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The_third_law - The third law ChE210A A bsolute entropies...

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last modified 11/2/2009 © M. S. Shell 2009 1/9 The third law ChE210A Absolute entropies and absolute zero In this lecture we address two questions: Is there such thing as an absolute value of the entropy? That is, is there a way and does it make sense to identify an exact numerical value of g1845 for a particular system and a particular state point, rather than a change in entropy between two state points? What is the behavior of the entropy and other thermodynamic functions as g2176 ap- proaches absolute zero? Recall the microscopic definition of the entropy, g1845 g3404 g1863 g3003 ln Ω As we have seen, the interpretation of is that it counts the number of microscopic states of a system. The behavior of depends on whether or not we have a quantum or classical view- point of the world: classical description – In this approximation, we cannot count exactly the number of microstates, since we can continuously change the positions and velocities of all the atoms. Therefore, there are an infinite amount of configurations. While we cannot count absolute numbers of configurations, we can count relative numbers, and hence obtain entropy differences. For example, if a volume g1848 containing a single particle is expanded to 2g1848 , the number of microstates doubles such that Δg1845 g3404 g1863 g3003 lng46662g1848 g1848 g4667 g3404 g1863 g3003 ln 2 . quantum description – Quantum mechanics says that there are discrete quantum states a system can occupy. For example, for a particle in volume g1848 g3404 g1838 g2871 , only states whose energy is given by g2035 g3404 g3035 g3118 g2876g3040g3013 g3118 g3435g1866 g3051 g2870 g3397 g1866 g3052 g2870 g3397 g1866 g3053 g2870 g3439 are allowed, where g1866 g3051 , g1866 g3052 , and g1866 g3053 are all positive integers. Therefore, in a quantum description and in reality, it is possible to count microstates exactly. These considerations show that a quantum description is required if we are to have an absolute entropy, whereby we can count exactly. Is this enough to give us an absolute entropy? What if, in contrast to the above equation, we had defined the entropy using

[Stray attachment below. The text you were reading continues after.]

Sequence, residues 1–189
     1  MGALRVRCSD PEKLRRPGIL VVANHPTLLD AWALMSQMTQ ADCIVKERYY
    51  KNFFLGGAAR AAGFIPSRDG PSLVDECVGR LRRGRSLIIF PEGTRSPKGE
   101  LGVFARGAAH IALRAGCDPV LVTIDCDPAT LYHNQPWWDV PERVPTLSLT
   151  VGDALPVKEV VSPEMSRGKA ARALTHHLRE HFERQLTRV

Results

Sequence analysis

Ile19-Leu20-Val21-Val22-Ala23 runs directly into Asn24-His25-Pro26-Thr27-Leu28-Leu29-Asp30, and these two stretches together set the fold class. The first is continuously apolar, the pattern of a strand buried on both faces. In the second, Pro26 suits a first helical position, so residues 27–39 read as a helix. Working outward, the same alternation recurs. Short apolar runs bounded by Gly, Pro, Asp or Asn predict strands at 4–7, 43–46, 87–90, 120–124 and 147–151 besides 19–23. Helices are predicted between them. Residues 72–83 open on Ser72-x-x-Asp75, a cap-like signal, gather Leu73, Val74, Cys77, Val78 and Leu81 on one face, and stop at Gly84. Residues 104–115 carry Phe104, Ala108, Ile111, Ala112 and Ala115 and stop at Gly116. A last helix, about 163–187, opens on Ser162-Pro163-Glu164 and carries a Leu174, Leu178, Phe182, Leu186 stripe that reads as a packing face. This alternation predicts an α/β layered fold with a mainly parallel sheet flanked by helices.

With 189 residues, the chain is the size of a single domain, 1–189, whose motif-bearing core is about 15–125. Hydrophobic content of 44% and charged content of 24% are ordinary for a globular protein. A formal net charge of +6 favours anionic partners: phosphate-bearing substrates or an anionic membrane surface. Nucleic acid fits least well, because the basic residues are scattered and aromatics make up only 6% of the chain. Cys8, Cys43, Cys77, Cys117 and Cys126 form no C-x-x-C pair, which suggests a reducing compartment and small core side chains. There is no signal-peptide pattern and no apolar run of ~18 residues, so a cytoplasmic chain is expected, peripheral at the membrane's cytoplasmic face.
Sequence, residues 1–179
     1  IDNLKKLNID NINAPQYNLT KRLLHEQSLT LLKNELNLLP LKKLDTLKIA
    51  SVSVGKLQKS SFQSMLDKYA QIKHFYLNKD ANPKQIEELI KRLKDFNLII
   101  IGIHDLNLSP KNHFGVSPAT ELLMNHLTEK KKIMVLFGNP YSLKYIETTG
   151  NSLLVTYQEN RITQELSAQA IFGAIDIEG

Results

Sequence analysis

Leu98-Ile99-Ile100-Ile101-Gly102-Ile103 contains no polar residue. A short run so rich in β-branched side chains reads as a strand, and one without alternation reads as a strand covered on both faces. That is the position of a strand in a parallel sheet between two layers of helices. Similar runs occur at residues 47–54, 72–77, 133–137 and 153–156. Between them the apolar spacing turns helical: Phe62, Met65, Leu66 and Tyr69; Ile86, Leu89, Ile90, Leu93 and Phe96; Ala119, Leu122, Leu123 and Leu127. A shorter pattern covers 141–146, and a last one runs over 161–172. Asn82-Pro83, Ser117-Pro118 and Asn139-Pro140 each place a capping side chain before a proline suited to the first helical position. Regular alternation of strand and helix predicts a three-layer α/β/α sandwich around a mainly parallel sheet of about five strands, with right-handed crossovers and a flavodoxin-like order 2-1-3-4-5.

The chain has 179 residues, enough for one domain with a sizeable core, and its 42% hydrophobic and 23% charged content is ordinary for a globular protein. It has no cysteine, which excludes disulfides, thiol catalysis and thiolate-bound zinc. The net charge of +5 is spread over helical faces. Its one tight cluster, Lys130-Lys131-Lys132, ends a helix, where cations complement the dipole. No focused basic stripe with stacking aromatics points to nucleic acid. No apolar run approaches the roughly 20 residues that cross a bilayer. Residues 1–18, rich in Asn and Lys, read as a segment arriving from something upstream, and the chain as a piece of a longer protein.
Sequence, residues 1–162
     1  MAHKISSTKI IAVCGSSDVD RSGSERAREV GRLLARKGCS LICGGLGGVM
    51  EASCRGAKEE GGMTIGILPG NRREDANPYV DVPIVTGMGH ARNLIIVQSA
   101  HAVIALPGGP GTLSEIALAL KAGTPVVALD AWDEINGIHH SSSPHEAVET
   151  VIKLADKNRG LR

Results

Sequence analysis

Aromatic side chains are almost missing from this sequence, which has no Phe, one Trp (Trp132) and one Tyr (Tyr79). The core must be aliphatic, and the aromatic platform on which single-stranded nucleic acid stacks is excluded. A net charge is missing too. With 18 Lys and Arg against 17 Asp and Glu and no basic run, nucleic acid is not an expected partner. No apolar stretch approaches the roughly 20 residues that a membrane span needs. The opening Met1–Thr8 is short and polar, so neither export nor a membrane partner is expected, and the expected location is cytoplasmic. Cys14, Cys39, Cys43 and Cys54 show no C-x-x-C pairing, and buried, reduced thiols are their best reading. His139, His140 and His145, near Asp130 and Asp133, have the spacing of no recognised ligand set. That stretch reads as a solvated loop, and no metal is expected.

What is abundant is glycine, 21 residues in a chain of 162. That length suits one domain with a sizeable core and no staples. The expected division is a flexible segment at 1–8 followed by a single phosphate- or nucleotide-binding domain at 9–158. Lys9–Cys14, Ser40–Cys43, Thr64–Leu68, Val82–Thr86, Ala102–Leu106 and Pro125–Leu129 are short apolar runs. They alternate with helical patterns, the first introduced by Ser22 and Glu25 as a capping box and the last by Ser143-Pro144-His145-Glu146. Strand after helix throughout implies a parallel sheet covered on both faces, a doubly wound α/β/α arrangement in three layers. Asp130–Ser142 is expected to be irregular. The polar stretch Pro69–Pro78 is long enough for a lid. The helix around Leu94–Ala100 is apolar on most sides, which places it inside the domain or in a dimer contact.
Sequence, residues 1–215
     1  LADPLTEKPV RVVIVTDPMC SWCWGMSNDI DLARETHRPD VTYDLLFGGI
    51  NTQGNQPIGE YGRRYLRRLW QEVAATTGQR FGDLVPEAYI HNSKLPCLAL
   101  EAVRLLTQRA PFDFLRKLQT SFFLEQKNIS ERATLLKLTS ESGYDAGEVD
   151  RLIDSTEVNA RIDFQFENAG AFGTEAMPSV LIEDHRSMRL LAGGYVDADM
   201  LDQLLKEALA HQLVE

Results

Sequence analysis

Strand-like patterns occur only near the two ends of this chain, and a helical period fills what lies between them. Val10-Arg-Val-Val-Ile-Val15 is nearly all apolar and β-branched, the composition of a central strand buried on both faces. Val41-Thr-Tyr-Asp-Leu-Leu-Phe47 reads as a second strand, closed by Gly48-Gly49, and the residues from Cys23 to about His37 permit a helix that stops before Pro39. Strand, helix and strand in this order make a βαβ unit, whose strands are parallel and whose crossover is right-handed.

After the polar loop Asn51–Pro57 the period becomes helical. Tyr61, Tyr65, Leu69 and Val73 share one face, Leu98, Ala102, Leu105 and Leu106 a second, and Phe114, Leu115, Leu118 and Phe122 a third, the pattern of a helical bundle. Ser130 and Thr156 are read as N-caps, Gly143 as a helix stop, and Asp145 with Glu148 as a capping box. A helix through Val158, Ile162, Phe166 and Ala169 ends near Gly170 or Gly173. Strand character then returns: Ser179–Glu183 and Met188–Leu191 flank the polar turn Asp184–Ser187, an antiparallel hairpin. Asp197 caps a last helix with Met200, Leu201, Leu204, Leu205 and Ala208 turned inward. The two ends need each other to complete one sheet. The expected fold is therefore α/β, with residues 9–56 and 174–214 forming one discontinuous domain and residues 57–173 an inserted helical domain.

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last modified 11/2/2009 © M. S. Shell 2009 2/9 g1845 g3404 g1863 g3003 ln Ω g3397 g1845 ref where g1845 ref is some universal, material-independent constant? Would this re-defining of the entropy imply any physical changes to the equilibrium behavior of a system, as given by the relationships that the entropy function implies? It turns out that this addition would not change any aspect of the physical behavior of our system. Recall that g1846, g1842, and g2020 all derive from derivatives of g1845 ; therefore, the g1845 ref constant vanishes in the relationship between g1831, g1848, g1840 and these properties, for any substance. It is for the same reason, in fact, that classical descriptions, which cannot have an absolute entropy, can describe the properties of many systems. There is no reason why we could not define the entropy with a nonzero value for g1845 ref . Recall that the original justification for the existence of the entropy was that the rule of equal a priori probabilities said that the macrostate with the most microstates dominated the equilibrium behavior.
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